The measurement of AMH is used for the assessment of the ovarian reserve, representing the number of antral follicles, pre-antral follicles, the antral follicle count and prediction of response in patients undergoing ovarian stimulation. Such requests are generally only received from reproductive medicine. AMH may also be useful in diagnosis of disorders of sex development in paediatric patients.
AMH is a homodimeric glycoprotein belonging to the transforming growth factor family. In males, AMH is secreted by the Sertoli cells of the testes. During embryonic development in males, secretion of AMH from testicular Sertoli cells is responsible for the regression of the Mullerian duct and the normal development of the male reproductive tract. The secretion of AMH by the Sertoli cells starts during the embryogenesis and continues throughout life. AMH is continuously produced by the testicles until puberty and then decreases slowly to post-puberty values. In females AMH plays an important role in the ovarian folliculogenesis. Follicle development in the ovaries comprises two distinct stages: initial recruitment, by which primordial follicles start to mature, and cyclic recruitment, which leads to the growth of a cohort of small antral follicles, among which the dominant follicle is subsequently selected. Serum levels of AMH are barely detectable at birth in females, reach their highest levels after puberty, decrease progressively thereafter with age, and become undetectable at menopause.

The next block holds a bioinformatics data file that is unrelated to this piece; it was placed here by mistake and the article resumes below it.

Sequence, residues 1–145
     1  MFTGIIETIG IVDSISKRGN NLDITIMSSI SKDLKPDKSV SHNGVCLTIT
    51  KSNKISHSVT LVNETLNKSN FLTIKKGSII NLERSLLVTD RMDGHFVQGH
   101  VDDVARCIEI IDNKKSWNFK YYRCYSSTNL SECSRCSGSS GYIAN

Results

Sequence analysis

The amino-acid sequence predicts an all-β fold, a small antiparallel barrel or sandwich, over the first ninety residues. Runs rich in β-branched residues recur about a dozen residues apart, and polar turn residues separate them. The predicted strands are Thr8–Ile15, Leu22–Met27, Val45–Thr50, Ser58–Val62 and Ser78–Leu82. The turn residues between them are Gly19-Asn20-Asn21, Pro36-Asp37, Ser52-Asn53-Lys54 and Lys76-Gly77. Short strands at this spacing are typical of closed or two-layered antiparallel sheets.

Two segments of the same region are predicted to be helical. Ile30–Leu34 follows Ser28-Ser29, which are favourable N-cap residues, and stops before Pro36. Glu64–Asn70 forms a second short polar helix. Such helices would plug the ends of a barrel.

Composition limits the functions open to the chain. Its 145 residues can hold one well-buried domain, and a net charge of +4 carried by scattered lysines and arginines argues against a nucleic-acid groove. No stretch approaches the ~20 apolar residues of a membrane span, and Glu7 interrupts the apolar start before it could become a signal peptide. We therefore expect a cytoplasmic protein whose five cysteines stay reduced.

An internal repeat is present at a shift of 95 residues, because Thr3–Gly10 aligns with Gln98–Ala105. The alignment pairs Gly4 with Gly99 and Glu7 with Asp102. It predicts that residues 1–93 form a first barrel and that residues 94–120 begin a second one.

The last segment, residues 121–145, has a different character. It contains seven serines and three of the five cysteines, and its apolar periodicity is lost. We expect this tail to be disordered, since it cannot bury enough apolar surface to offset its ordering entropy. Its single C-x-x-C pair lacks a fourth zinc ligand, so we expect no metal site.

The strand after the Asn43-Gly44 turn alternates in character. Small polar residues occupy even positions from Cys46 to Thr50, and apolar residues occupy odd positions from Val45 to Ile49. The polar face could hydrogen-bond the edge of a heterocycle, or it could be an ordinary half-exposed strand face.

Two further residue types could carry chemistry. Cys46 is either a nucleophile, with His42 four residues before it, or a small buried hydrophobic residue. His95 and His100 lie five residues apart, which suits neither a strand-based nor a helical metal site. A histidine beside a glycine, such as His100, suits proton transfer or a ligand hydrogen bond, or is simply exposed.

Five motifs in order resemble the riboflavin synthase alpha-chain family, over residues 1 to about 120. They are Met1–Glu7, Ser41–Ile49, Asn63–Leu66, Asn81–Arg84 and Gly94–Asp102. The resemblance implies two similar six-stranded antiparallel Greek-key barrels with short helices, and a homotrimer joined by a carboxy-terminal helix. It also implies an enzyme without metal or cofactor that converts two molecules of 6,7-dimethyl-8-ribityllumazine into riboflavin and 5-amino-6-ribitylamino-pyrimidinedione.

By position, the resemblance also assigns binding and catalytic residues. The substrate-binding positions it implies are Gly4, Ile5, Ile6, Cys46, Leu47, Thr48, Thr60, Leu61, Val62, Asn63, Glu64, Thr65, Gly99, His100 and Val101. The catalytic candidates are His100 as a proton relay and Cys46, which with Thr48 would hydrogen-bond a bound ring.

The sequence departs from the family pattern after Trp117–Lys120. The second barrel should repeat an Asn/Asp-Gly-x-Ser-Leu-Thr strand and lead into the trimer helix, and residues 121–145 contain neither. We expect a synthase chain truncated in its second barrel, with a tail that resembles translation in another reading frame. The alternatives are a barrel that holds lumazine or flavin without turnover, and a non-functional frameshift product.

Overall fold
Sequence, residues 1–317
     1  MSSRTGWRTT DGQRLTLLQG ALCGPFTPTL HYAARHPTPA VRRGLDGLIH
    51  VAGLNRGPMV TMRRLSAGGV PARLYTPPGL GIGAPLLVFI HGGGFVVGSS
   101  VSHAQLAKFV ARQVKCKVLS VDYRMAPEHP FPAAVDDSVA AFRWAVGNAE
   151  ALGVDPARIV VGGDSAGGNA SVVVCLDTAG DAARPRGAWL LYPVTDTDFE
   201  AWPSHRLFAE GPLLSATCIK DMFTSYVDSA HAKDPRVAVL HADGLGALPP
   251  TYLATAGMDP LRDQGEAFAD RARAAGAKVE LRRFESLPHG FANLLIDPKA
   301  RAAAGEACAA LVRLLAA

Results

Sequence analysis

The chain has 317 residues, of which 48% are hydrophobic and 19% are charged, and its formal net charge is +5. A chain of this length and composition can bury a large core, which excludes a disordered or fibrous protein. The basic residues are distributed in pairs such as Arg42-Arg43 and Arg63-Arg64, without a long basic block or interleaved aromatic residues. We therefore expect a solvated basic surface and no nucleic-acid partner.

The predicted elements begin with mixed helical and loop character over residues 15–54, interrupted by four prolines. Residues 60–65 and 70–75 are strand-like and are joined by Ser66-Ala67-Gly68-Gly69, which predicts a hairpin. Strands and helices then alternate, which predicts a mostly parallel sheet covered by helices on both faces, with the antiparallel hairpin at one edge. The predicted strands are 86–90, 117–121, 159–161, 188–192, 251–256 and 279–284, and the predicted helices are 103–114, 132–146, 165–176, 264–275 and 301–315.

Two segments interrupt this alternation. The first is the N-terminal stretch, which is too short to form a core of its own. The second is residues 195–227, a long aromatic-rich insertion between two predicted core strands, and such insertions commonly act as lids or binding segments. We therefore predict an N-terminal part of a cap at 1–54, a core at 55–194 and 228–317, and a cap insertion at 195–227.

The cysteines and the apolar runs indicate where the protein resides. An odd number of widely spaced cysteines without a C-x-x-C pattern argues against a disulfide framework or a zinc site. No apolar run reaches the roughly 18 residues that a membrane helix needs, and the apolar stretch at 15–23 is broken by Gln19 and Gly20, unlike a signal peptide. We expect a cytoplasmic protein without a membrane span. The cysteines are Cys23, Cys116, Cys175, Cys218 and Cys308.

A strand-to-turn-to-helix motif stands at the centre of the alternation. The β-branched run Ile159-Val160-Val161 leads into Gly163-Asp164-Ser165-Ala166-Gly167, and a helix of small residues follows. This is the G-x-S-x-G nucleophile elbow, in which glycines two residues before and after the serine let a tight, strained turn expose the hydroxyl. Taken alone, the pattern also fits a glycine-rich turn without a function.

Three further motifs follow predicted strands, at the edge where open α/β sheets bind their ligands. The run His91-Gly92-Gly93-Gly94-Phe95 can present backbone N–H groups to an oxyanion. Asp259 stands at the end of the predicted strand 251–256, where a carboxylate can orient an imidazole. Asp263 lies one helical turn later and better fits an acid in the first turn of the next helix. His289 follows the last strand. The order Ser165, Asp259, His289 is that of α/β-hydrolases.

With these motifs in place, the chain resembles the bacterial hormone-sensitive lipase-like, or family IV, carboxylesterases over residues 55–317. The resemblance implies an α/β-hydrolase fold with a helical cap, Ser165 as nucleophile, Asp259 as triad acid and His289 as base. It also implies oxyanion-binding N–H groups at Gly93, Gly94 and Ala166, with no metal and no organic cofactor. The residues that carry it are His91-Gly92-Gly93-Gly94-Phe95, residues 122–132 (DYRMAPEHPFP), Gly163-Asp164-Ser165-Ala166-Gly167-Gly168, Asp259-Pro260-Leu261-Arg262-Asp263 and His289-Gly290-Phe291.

A specific reference range is not quoted as the AMH concentration is interpreted by reproductive medicine to predict response to IVF therapy.
SST (yellow top) serum specimen required
Biochemistry department, The James Cook University Hospital, Middlesbrough